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An introduction to the brain and its role in thought and behaviour, and to perception, learning and cognition.
Psychology is a diverse and thriving science devoted to understanding behaviour and the human mind. In PSYC105 you will receive an introduction to the following areas: positive psychology; wellbeing; visual perception; judgment and decision making; research methods; learning and behaviour change; forensic psychology; neuropsychology; drugs and behaviour; memory and cognition; and health psychology.
On successful completion of this course, students should be able to:(1) Define some of the key terms in the study of brain, behaviour, & cognition(2) Explain why people might behave the way they do, and the mental processes that give rise their behaviour.(3) Discuss, at an elementary level, how experimental methods are used to acquire scientific knowledge in psychology and have gained some experience in this area.(4) Demonstrate the ability to read original journal articles and interpret research writing in psychology.(5) Explore some classic phenomena in psychology for themselves(6) Develop insight into their own core values and life purpose.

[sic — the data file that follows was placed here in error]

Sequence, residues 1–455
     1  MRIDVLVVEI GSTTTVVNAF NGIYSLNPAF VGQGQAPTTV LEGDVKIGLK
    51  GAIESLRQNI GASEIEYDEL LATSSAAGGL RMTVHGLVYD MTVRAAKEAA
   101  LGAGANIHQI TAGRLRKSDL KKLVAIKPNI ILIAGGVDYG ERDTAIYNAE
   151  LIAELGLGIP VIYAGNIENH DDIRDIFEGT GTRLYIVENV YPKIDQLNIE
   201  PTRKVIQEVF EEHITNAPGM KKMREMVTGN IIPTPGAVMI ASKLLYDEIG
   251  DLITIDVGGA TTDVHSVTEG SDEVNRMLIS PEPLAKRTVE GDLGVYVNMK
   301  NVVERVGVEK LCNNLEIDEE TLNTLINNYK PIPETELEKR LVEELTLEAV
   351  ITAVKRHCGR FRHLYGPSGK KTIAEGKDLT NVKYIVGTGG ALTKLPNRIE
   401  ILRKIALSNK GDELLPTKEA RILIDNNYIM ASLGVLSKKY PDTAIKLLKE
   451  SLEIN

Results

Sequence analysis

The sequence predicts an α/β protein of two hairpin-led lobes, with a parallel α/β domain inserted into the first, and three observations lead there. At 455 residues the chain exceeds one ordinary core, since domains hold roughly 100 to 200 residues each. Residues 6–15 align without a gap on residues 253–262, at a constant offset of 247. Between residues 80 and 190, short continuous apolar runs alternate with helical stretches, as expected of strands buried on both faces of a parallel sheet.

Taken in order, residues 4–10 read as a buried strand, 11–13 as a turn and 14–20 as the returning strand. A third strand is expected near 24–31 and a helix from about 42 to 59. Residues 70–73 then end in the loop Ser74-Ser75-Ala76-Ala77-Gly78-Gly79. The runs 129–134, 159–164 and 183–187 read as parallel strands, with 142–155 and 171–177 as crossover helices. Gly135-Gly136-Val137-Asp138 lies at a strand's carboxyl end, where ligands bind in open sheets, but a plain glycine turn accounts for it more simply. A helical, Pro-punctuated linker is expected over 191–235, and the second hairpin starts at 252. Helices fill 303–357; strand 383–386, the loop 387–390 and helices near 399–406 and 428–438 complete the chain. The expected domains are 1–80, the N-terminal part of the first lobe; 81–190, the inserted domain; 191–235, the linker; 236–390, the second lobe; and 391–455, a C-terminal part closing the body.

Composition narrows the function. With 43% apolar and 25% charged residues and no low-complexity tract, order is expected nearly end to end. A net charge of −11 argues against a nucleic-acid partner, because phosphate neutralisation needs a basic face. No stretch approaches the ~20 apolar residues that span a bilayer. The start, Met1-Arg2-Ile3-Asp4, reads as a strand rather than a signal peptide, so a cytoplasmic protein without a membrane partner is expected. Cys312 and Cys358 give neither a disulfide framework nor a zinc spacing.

Students must attend one activity from each section.
Lectures self-allocation will be accessible through My Timetable on Wednesday, 10 February, and Labs self-allocation will be accessible through My Timetable on Monday, 15 February.Lab classes will start from the second week of the term, beginning 1 March.
There is no specific textbook in the traditional sense. The primary material, which is available to download free of charge, is from Noba - https://nobaproject.com/browse-content. Some lecturers may also assign supplementary readings; these will be provided on Learn.
Domestic fee $916.00
International fee $4,750.00
* All fees are inclusive of NZ GST or any equivalent overseas tax, and do not include any programme level discount or additional course-related expenses.
For further information see
School of Psychology, Speech and Hearing on the
departments and faculties